The case for editing tweets

Twitter is a publishing platform. Run and used by human beings.

Most publishing platforms allows us to make things and then post those things to the internet.

Tumblr. WordPress. Instagram. Blogger. Facebook. Drupal. Medium. LinkedIn. Your company’s custom CMS. Hell, even Path. Pinterest. Twitter. Publishing platforms. Run and used by human beings.

Virtually every publishing platform recognizes that we’re human beings. That’s why they allow us to edit the things we publish. Tumblr. WordPress. Instagram. Blogger. Facebook. Drupal. Medium. LinkedIn. Your company’s custom CMS. Hell, even Path. Pinterest. Publishing platforms. Run, used, and editable by human beings.

Per the human condition, sometimes we make mistakes. Sometimes we need to update people on a topic or event they’re following. Sometimes we need to add more information for clarity. Sometimes we say something very, very stupid and need to make amends. There are zillions more reasons like this. Because we’re human beings.

Twitter is not unique among its peers.

The way people use Twitter to publish things they say or create is not unique among its peers.

The ways and reasons people quote or otherwise use Twitter content outside of Twitter are not unique among its peers.

Virtually every other publishing platform recognizes that we’re human beings, and that we have zillions of reasons to need and want to edit the things we publish.

The only thing unique about Twitter is that its decision makers don’t get it.

Addendum

Know something that is unique about one of the many platforms that recognizes we need to edit the things we publish? As far as I can tell, Facebook is the only that offers any kind of ‘paper trail.’

When someone edits a Facebook post or comment, an “Edited” link appears on it somewhere, usually near the timestamp. Tap it, and you’ll see a list of not just the current and original versions, but any and all iterations in between.

That’s frigging smart. All publishing platforms should do that. Especially Twitter.

The science and documentary TV format doesn't hold up well in the age of streaming

Jessi and I just watched this episode of Megastructures, about the Gotthard Base Tunnel project, on YouTube. It’s a 36-mile train tunnel Switzerland is building under the Alps—it’ll help people and commerce move much faster than going over the mountains. It’s a pretty wild project, nearly finished, that’s taken 50 years of planning and 12 years of work. You should check it out.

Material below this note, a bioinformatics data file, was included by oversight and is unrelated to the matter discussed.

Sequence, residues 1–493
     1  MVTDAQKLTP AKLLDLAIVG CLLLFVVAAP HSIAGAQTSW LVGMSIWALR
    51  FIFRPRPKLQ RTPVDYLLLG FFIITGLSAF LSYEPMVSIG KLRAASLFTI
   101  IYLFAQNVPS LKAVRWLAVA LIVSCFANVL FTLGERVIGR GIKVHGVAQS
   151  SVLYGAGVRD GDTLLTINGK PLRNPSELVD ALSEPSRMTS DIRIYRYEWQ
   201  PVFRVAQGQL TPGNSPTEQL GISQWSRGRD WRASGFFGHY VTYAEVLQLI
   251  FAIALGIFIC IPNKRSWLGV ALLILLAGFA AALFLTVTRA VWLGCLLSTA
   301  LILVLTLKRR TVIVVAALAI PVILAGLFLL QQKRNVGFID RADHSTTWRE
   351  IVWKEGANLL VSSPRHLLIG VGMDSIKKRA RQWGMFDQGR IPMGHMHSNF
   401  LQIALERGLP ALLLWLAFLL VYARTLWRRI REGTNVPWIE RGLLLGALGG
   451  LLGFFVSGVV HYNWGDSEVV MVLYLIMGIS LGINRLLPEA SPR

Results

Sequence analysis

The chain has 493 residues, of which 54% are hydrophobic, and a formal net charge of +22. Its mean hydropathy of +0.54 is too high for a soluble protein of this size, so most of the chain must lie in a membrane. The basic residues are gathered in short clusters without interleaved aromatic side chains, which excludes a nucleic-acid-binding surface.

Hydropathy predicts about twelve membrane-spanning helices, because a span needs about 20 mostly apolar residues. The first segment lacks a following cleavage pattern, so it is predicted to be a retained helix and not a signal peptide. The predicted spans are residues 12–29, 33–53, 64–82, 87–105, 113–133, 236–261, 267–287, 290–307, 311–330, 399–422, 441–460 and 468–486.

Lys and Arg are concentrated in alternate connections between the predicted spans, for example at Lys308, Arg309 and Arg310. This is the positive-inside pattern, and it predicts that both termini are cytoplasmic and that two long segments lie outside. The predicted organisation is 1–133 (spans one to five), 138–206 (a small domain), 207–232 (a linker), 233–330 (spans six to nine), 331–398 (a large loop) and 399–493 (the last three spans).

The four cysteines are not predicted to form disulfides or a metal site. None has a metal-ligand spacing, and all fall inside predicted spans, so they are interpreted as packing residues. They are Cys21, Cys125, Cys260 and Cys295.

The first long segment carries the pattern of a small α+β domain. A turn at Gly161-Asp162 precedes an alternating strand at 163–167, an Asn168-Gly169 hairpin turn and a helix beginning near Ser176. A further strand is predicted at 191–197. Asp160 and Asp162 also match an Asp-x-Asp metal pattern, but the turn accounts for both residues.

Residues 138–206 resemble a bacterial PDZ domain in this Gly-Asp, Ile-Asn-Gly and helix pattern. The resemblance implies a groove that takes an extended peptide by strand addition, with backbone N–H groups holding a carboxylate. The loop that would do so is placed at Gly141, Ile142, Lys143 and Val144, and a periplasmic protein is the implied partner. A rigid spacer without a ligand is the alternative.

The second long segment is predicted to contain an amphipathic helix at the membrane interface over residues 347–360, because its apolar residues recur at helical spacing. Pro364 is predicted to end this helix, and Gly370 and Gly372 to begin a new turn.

This YouTube cut has no commercial breaks, but the episode was originally written, shot, and cut for TV, so the original edits and padding dialog are still there. They talk about what’s coming up “after the break,” there are fade outs and ins, and they review what was covered so far after every one or two breaks.

It’s weird enough to see commercial break edits these days in streaming shows where commercials have thankfully been removed (from the likes of iTunes Store, YouTube Red, and Hulu premium). But info-rich shows that cover science and documentaries stick out even more since they usually opt to offer post-commercial summaries at various points. It’s probably to make sure the ads didn’t wash out everything that’s been covered, or to help channel-hoppers catch up.

Regardless, the format has not aged well in a time of on-demand content, where TV commercials and ‘jumping back into the middle of a show’ basically don’t exist anymore. It feels more and more like a relic of a different time with every episode and documentary I watch.

The tech industry wants to use women’s voices – they just won't listen to them | The Guardian

For all its recent improvements, the tech industry still has a nasty blind spot:

How could anyone think that creating a young woman and inviting strangers to interact with her on social media would make Tay “smarter”? How can the story of Tay be met with such corporate bafflement, such late apology? Why did no one at Microsoft know right from the start that this would happen, when all of us – female journalists, activists, game developers and engineers who live online every day and could have predicted it – are talking about it all the time?

The answer cannot be anything but outright disdain. The industry wants to use women’s voices but still has no plans to actually listen to them. If empathy is core to the future of artificial intelligence, worry not – the Singularity is still quite a way off, no matter how many terrifying Holocaust-denying, racist, anti-feminist white millennial-bots Microsoft “accidentally” spawns.